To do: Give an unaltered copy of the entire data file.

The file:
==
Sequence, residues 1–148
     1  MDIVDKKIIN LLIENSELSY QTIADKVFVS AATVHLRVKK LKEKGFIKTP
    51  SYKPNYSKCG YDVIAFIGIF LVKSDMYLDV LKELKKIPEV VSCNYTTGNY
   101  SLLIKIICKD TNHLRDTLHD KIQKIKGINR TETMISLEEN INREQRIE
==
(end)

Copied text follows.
Sequence, residues 1–148
     1  MDIVDKKIIN LLIENSELSY QTIADKVFVS AATVHLRVKK LKEKGFIKTP
    51  SYKPNYSKCG YDVIAFIGIF LVKSDMYLDV LKELKKIPEV VSCNYTTGNY
   101  SLLIKIICKD TNHLRDTLHD KIQKIKGINR TETMISLEEN INREQRIE